Pop culture obsessives writing for the pop culture obsessed.
Pop culture obsessives writing for the pop culture obsessed.

Futurama: “The Thief Of Baghead”

Illustration for article titled Futurama: “The Thief Of Baghead”
TV ReviewsAll of our TV reviews in one convenient place.

There are a lot of reasons to like Bender Bending Rodriguez. He’s a great cook, a loyal best friend, and he always knows the best place to hide any inconvenient corpses. But from a narrative perspective, Bender might be the single most useful character in the Futurama toolbox. He’s greedy, ambitious, and lazy, which means he can jumpstart all kinds of different storylines, and his morality isn’t fixed, which means he can serve any function that’s needed in those plots. Bender can be the bad guy, he can be the victim, he can be the reluctant hero; he can be jealous of his friends’ love, or he can accidentally-on-purpose kill them all. Last week, the revelation that Bender would be at the head of the robot uprising that destroyed all of humanity wasn’t a shock, or in any way inconsistent with what we’ve seen from the character so far, while at the same time, his occasional moments of sweetness and self-sacrifice aren’t contradictory or forced. Best of all, he doesn’t come off as ill-defined. He’s just Bender, and it works.

Which isn’t to say all his episodes are inevitably classics. “The Thief Of Baghead” is decent, giving Bednder a new job as a paparazzo for a sleazy tabloid (“The Magazine More Women Deny Reading”), and introducing us to a new monster on the show, an attention parasite named Langdon Cobb who uses his acting ability to feed off the adoration of millions. The episode has some decent jokes and good lines, at least one gag that made me laugh out loud, and a story that mostly holds together right up until the end. Bender gets to be a dick throughout, which is always fun, and Professor Farnsworth whines a lot, which works as well. (Farnsworth is in some ways as useful as Bender, but his age and general crankiness give him a few more behavior restrictions.) And hey, Calculon died. Really. Who knows if they’ll bring him back down the road, but he gets a terrific death scene, sacrificing his life in order to win a contest by performing the most authentic interpretation of Romeo’s final monologue ever seen. It’s a strangely emotional moment, as the robot delivers Shakespeare’s lines without a hint of irony or bombast, and the only punchline is that, despite his best efforts, Calculon still loses. Also, he remains dead. It’s a non-joke kind of joke, which, while not laugh-out-loud funny, is still gratifyingly weird.


Also weird? That attention parasite monster. It’s hard to know what to make of Cobb. From one angle, he serves as a satirical jab at celebrity worship; Langdon says that the reason he decided to stay on Earth was because the people here have a tendency to love famous people to distraction. But as a commentary against blind adoration, this is pretty weak sauce, and I doubt it was intended to go much beyond the obvious joke. Besides, given that Langdon destroyed every other planet he visited, you could argue that humanity’s approach to fandom actually saved us all from a soul-, er, life-force sucking death. As a character, Cobb is unsurprisingly under-developed. His funniest contribution to the episode comes in his introduction, when Bender learns that Cobb is a brilliant actor who has spent his entire career wearing a paper bag over his head. The incongruity of a man with a bag over his head performing love scenes and inspirational speeches isn’t subtle, but it’s worth a laugh or two. Unfortunately, learning more about the character means learning the reason why he wears the bag, and it’s a purely practical explanation: Anyone who sees his real face has their soul—damn, did it again—their life-force drained. The bag is still silly, but with the mystery gone, the joke isn’t really a joke anymore. It’s a plot point.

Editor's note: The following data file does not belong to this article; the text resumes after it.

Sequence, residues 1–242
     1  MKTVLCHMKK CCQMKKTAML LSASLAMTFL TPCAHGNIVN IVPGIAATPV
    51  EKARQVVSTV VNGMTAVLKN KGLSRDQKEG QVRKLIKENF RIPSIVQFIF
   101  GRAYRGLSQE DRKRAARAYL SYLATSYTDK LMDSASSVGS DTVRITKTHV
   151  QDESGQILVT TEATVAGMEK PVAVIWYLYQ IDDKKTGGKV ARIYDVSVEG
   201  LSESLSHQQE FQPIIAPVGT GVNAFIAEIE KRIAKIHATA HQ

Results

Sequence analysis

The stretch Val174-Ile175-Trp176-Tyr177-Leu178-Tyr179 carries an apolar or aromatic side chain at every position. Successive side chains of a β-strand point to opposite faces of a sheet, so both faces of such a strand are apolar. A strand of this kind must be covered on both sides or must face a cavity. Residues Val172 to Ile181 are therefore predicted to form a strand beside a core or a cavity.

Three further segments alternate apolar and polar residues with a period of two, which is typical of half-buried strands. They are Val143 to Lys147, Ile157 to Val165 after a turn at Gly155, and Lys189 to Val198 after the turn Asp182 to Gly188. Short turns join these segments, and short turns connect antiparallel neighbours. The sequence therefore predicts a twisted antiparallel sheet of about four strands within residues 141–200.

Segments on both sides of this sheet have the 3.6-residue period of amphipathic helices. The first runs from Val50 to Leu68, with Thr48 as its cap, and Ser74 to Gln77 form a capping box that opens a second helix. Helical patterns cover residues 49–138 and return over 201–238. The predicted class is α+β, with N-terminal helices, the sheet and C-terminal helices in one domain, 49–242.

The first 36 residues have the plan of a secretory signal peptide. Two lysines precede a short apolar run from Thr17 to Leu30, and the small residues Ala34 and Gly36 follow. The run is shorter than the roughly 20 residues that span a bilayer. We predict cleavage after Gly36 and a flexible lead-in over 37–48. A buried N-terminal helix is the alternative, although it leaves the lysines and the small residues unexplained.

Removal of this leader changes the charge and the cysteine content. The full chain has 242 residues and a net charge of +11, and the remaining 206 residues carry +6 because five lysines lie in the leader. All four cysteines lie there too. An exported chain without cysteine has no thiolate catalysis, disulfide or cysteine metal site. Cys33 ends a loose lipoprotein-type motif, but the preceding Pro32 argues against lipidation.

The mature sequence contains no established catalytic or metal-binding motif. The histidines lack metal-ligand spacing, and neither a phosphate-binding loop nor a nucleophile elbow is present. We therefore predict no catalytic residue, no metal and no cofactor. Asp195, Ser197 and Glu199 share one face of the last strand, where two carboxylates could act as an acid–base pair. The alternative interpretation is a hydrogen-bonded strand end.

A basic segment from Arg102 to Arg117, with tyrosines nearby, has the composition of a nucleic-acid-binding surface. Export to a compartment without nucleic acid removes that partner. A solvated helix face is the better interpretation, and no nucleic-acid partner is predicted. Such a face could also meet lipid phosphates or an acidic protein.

Worse, Cobb’s eventual defeat is lacking, as Bender manages to inadvertently stoke the actor’s Ego—a separate creature represented by a giant fungus dog—until it explodes. The “I’ll feed it what it wants until it bursts” resolution is an old one, and here, it feels perfunctory and unsatisfying. There’s a germ of an interesting idea in Cobb, but it never gets more interesting than that first sight gag. Yet the half-hour has enough good bits that a disappointing conclusion doesn’t entirely undo it. Most of the first half of the episode is Bender screwing around, being a pain in the ass both on purpose and by accident, and even when it isn’t utterly hilarious, it’s still pretty entertaining. Maybe I’m just a sucker for Bender’s child-like attention span. He has an adult’s appetites with a 5-year-old’s sense of how best to satisfy them, and that never gets old.

Stray observations:

  • Favorite joke of the episode: “Jurassic Tank.” The sight of the T-Rex paddling desperately to stay afloat made me laugh so hard I had to rewind the scene.
  • When it comes to determining if a photo is sucking the life-force out of his friends, Bender follows the scientific method.
  • Also, his camera has a They Live lens.
  • “Aquariums have really changed since I was a boy and no one ever took me to them.”
  • “Once again, television has given me a reason to live.”
  • I would watch the World Acting Championships way more than the Oscars.
  • “I’m a celebrity! I can kill anyone I want!”

Share This Story

Get our `newsletter`